- An in-hospital stroke is a stroke that occurs during a hospitalization for another diagnosis.
- In-hospital stroke affects roughly 35,000-75,000 hospitalized people annually in the United States and occurs most often among patients who have undergone a recent procedure or an invasive diagnostic test.
- The statement details five key suggestions focused on reducing delays and optimizing treatment to improve outcomes for these patients.
Embargoed until 4 a.m. CT/ 5 a.m. ET Wednesday, February 9, 2022
(NewMediaWire) – February 09, 2022 – DALLAS – Although hospitalized patients are in a monitored environment, stroke evaluation and treatment are often delayed compared to patients arriving with a stroke at the emergency department, contributing to higher rates of morbidity and mortality for in-hospital stroke, according to an American Heart Association scientific statement published online today in the Association’s journal Stroke. This scientific statement will also be discussed during a symposium today at 5 p.m. CT/ 6 p.m. ET at the Association’s International Stroke Conference in New Orleans. An American Heart Association scientific statement is an expert analysis of current research and may inform future clinical practice guidelines.
The statement outlines five elements for the development of hospital systems of care and targeted quality improvement to reduce delays and optimize treatment to improve outcomes for patients who experience an in-hospital stroke. In-hospital stroke is a stroke that occurs during a hospitalization for another diagnosis and affects between 35,000 and 75,000 hospitalized patients annually in the United States.
The five core elements of the statement are:
- training all hospital staff on stroke signs, symptoms and activation protocols for in-hospital stroke alerts;
- creating rapid response teams with dedicated stroke training and immediate access to neurologic expertise;
- standardizing the evaluation of potential in-hospital stroke patients with physical assessment and imaging;
- eliminating and addressing potential treatment barriers including interfacility transfer to advanced stroke treatment; and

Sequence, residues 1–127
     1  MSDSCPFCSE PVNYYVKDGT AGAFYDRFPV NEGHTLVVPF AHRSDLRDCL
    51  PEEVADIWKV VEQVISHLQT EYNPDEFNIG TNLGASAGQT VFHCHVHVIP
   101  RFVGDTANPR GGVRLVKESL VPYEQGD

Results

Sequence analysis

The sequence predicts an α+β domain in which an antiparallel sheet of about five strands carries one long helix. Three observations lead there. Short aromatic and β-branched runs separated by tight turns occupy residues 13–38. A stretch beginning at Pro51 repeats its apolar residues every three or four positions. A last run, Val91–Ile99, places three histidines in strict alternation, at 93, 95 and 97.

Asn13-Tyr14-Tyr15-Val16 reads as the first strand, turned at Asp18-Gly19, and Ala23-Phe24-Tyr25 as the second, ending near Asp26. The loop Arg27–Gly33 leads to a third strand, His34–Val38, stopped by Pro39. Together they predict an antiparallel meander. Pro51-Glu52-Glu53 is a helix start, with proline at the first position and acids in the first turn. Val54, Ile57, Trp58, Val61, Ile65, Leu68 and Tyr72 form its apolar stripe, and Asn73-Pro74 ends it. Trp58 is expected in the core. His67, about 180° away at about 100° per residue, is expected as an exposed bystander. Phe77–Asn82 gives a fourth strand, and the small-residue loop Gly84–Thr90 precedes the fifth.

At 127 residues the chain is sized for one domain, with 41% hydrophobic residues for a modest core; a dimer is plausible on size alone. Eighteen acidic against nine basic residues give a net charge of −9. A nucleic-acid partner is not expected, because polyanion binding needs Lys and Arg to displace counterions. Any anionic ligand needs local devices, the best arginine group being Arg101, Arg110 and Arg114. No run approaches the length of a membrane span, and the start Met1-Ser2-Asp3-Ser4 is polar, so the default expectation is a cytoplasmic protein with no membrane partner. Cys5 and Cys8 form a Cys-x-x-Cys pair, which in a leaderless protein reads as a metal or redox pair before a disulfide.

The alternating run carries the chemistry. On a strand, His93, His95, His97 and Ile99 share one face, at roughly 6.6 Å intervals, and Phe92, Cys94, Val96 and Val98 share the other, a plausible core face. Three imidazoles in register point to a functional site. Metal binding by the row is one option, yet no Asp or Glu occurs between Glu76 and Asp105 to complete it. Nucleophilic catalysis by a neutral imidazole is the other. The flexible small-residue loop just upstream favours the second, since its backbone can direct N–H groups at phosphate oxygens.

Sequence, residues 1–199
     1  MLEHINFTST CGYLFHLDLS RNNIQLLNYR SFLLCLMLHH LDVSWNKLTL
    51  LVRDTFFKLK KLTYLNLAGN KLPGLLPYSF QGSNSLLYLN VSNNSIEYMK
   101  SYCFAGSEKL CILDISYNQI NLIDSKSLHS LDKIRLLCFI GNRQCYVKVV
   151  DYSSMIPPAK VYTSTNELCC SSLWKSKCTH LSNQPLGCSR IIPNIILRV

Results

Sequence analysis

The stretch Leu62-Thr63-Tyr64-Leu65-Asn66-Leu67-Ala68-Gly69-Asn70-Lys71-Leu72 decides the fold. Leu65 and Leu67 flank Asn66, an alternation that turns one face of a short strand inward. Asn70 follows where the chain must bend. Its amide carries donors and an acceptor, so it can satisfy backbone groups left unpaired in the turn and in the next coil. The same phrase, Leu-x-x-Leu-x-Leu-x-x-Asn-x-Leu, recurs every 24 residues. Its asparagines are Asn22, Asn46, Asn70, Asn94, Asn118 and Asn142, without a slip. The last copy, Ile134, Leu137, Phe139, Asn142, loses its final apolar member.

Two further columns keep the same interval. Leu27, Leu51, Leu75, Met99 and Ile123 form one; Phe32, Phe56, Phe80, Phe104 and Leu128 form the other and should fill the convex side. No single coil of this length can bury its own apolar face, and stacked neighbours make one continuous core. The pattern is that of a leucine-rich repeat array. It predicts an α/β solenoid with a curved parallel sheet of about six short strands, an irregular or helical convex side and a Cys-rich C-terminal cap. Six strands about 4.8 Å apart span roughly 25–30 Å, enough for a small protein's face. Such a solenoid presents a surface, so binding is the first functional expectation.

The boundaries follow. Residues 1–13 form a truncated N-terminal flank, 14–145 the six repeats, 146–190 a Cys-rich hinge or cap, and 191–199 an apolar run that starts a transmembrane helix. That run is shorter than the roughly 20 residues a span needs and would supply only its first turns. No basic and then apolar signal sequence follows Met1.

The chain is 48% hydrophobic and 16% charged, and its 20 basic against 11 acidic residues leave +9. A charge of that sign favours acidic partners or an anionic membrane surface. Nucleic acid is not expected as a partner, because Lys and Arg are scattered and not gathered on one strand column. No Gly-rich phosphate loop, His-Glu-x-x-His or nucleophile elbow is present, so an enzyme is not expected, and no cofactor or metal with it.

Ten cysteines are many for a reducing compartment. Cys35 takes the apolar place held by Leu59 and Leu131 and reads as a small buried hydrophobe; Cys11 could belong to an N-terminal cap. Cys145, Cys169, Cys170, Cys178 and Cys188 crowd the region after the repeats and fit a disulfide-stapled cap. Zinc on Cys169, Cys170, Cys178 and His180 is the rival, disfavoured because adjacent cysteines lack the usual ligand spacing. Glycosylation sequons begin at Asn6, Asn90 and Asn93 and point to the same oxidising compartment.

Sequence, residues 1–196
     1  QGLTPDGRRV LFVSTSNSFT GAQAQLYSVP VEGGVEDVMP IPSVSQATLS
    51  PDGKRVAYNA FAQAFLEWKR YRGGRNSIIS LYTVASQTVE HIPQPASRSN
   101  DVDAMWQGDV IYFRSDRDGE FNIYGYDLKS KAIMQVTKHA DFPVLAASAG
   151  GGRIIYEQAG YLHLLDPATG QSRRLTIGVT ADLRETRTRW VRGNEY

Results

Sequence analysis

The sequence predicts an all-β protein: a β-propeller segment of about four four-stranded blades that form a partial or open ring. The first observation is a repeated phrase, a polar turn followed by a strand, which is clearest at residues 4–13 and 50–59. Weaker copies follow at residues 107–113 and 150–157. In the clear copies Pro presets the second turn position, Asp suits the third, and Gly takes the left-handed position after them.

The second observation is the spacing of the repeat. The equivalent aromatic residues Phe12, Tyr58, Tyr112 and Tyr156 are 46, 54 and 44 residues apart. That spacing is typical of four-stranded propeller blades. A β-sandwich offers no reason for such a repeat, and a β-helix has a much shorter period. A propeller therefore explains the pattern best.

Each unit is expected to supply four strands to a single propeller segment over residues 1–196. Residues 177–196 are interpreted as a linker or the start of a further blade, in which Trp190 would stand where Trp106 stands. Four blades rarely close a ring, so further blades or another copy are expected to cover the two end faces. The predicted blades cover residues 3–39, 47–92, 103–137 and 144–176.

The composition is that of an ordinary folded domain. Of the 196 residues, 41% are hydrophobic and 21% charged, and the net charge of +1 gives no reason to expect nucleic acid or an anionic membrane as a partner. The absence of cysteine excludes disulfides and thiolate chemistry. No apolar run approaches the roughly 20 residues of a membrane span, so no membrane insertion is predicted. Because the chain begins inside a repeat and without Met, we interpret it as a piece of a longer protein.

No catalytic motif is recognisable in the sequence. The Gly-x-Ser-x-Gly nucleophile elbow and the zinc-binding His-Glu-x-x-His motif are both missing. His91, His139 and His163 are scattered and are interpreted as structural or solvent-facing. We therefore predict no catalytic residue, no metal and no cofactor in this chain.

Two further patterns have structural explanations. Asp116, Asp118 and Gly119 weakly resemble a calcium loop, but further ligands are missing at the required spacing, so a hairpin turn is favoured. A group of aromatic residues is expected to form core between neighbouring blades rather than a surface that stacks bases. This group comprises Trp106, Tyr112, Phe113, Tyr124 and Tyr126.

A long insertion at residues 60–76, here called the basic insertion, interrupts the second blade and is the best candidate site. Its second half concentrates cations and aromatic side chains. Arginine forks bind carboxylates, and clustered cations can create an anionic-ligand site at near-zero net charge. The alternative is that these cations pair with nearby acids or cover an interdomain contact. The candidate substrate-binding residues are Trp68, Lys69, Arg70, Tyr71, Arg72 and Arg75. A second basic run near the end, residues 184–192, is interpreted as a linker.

- establishing an in-hospital stroke quality oversight program delivering data-driven performance feedback and driving targeted quality improvement efforts.
The statement encourages institutions to develop a plan for in-patient stroke response teams that includes education, quality review and specified oversight.
The statement was developed by the writing committee on behalf of the American Heart Association’s Stroke Council; the Council on Arteriosclerosis, Thrombosis and Vascular Biology; the Council on Cardiovascular and Stroke Nursing; the Council on Clinical Cardiology; and the Council on Lifestyle and Cardiometabolic Health. The diverse committee included experts in nursing, neurology, internal medicine, neurocritical care, neurosurgery and neurointerventional radiology. The American Academy of Neurology affirms the value of this statement as an educational tool for neurologists, and the American Association of Neurological Surgeons/Congress of Neurological Surgeons Cerebrovascular Section affirms the educational benefit of this statement.
American Heart Association scientific statements promote greater awareness about cardiovascular diseases and stroke issues and help facilitate informed health care decisions. Scientific statements outline what is currently known about a topic, and what areas need additional research. While scientific statements inform the development of guidelines, they do not make treatment recommendations. American Heart Association guidelines provide the Association’s official clinical practice recommendations.
The writing committee includes Chair Ethan U. Cumbler, M.D.; Vice-Chair Amre Nouh, M.D., FAHA; Sepideh Amin-Hanjani, M.D., FAHA; Karen L. Furie, M.D., M.P.H., FAHA; Walter N. Kernan, M.D.; DaiWai M. Olson, Ph.D., R.N.; Fernando D. Testai, M.D., Ph.D., FAHA; Mark J. Alberts, M.D., FAHA; and Mohammed A. Hussain, M.D. Authors’ disclosures are listed in the manuscript.
The Association receives funding primarily from individuals. Foundations and corporations (including pharmaceutical, device manufacturers and other companies) also make donations and fund specific Association programs and events. The Association has strict policies to prevent these relationships from influencing the science content. Revenues from pharmaceutical and biotech companies, device manufacturers and health insurance providers and the Association’s overall financial information are available here.
About the American Heart Association
The American Heart Association is a relentless force for a world of longer, healthier lives. We are dedicated to ensuring equitable health in all communities. Through collaboration with numerous organizations, and powered by millions of volunteers, we fund innovative research, advocate for the public’s health and share lifesaving resources. The Dallas-based organization has been a leading source of health information for nearly a century. Connect with us on heart.org, Facebook, Twitter or by calling 1-800-AHA-USA1.
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